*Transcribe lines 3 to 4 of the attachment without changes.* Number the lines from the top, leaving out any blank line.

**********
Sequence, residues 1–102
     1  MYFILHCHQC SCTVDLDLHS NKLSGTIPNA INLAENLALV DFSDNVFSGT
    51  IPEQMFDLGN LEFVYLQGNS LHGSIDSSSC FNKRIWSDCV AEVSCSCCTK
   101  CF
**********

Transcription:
    51  IPEQMFDLGN LEFVYLQGNS LHGSIDSSSC FNKRIWSDCV AEVSCSCCTK
   101  CF